Author: drjwv_writer

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ANNOUNCING A GENETIC TEST FOR SHAR-PEI AUTOINFLAMMATORY DISEASE (SPAID)

A validated genetic test is now available to measure the copy number variant (CNV) linked to Shar-Pei Autoinflammatory Disease (SPAID), reveals an international collaboration lead by scientists and veterinarians at Uppsala, Sweden and Wurtsboro, New York, USA. Details were published in the April 23 edition of the open-access journal BMC Genomics. http://bmcgenomics.biomedcentral.com/articles/10.1186/s12864-016-2619-0 This work represents the third step in the group’s ongoing research into the relationship between the Shar-Pei dog breed’s unique skin appearance and a complex hereditary syndrome, SPAID. In 2011, the team first reported the existence of a duplicated segment of DNA upstream of the gene hyaluronan synthase...

SPAID – Shar-Pei Autoinflammatory Disorder

SPAID is a term to describe the spectrum of clinical signs due to systemic and persistent inflammation in Chinese Shar-Pei.  All the signs in SPAID are autoinflammatory in nature and are related elevated levels of hyaluronan, a molecule which functions as a danger signal (a DAMP) that triggers the inflammatory response.  SPAID resembles human AID (autoinflammatory disease) that also presents with multiple inflammatory signs.  Many Shar-Pei with SPAID also receive relief from disease by the use of IL-1β inhibitors which suggests a cytokine-driven inflammation and a dysregulation of the innate immune response.  SPAID definitely is linked to increased levels of...

Newsletter: Volume 13, Issue 1, April 2011

The Answer Way back in 1983 we first started recognizing episodic fevers in Shar-Pei often associated with a swollen, painful hock joint. Later on it was observed that an early-onset kidney failure occurred in many of these dogs as well. I remember many individuals, including myself, remarking that this has to be associated with the wrinkles in some way and now we know it does. An important article was recently published in March, 2011, entitled ―A Novel Unstable Duplication Upstream of HAS2 Predisposes to a Breed-Defining Skin Phenotype and a Periodic Fever Syndrome in Chinese Shar-Pei Dogs‖, Mia Olsson et...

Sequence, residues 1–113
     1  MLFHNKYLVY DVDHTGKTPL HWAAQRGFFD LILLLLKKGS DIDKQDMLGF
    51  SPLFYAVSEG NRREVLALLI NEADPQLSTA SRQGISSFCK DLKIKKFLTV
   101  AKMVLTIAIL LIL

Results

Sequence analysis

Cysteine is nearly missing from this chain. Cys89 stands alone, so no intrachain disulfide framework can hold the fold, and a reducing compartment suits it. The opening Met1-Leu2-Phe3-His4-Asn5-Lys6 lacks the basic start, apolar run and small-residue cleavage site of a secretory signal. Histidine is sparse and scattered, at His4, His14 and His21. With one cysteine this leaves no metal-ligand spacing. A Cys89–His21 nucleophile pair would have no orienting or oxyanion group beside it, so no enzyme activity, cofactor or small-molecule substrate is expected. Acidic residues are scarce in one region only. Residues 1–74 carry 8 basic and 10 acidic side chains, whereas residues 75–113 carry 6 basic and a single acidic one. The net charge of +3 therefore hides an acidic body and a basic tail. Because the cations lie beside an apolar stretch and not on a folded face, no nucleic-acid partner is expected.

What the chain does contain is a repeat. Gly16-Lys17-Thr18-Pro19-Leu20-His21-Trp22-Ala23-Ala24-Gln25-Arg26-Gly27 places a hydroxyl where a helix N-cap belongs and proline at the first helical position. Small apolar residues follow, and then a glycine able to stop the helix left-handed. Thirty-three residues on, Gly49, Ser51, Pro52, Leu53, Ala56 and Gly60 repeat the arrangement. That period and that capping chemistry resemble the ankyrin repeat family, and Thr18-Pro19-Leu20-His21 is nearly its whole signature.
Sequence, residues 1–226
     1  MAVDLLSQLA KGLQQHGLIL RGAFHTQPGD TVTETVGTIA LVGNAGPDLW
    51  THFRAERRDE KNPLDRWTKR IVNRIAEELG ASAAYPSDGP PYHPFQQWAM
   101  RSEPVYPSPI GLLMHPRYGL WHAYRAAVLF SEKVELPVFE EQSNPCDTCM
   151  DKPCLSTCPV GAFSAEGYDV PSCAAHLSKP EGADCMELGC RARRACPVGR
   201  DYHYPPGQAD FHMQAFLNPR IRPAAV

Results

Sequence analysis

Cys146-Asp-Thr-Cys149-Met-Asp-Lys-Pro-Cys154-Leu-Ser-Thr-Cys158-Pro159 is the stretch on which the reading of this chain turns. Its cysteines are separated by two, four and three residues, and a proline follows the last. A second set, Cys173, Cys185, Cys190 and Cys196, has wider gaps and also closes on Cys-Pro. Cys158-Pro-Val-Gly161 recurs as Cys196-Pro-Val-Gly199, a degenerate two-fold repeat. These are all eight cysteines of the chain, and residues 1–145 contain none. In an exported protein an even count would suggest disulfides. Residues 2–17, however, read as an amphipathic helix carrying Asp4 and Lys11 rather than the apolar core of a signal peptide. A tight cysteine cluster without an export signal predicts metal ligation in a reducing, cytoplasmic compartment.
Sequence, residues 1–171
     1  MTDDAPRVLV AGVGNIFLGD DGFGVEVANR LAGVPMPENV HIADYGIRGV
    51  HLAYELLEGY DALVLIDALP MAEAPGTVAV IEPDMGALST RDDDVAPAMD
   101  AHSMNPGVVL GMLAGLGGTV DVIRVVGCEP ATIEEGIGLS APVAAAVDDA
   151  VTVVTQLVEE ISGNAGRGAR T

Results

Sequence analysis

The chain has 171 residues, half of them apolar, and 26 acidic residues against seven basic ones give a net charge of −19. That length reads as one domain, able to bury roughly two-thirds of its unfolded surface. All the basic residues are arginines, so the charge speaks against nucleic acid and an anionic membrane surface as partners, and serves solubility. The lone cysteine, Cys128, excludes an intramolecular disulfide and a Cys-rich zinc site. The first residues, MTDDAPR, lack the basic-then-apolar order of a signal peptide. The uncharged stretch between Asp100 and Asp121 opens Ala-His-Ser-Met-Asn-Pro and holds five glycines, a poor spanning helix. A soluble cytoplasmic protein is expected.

Newsletter: Volume 12, Issue 1 February 2010

On October 23-25, 2009 I attended the AKC Canine Health Foundation 2009 National Parent Club Health Conference held in St. Louis, Missouri. This was the seventh conference which is held biannually and was sponsored by Nestlé Purina PetCare Company. The purpose of the conference is several-fold. It brings together many of the top researchers in the canine health field to bring the attendees up to speed on their AKC-CHF grant projects. It also allows the various parent club health representatives to catch their vision of the future – future diagnostic tests, future areas of research, and future therapies for canine...

Newsletter: Volume 11, Issue 1 November 2007

What’s new on the Shar-Pei front? I have not heard anything specific about the NIH (National Institute of Health) study involving FSF. The preliminary information a few months ago indicated the researchers were pretty close to identifying the genes responsible for FSF. Many thanks again to those of you who allowed blood sample for this study to be taken from your dogs. New information indicates FSF is an autoinflammatory disease and most likely represents an inflammatory response dysregulation problem — a problem involving messenger substances (cytokines, chemotactic factors), receptors, inflammatory mediators and cells involved in the inflammatory response. We are...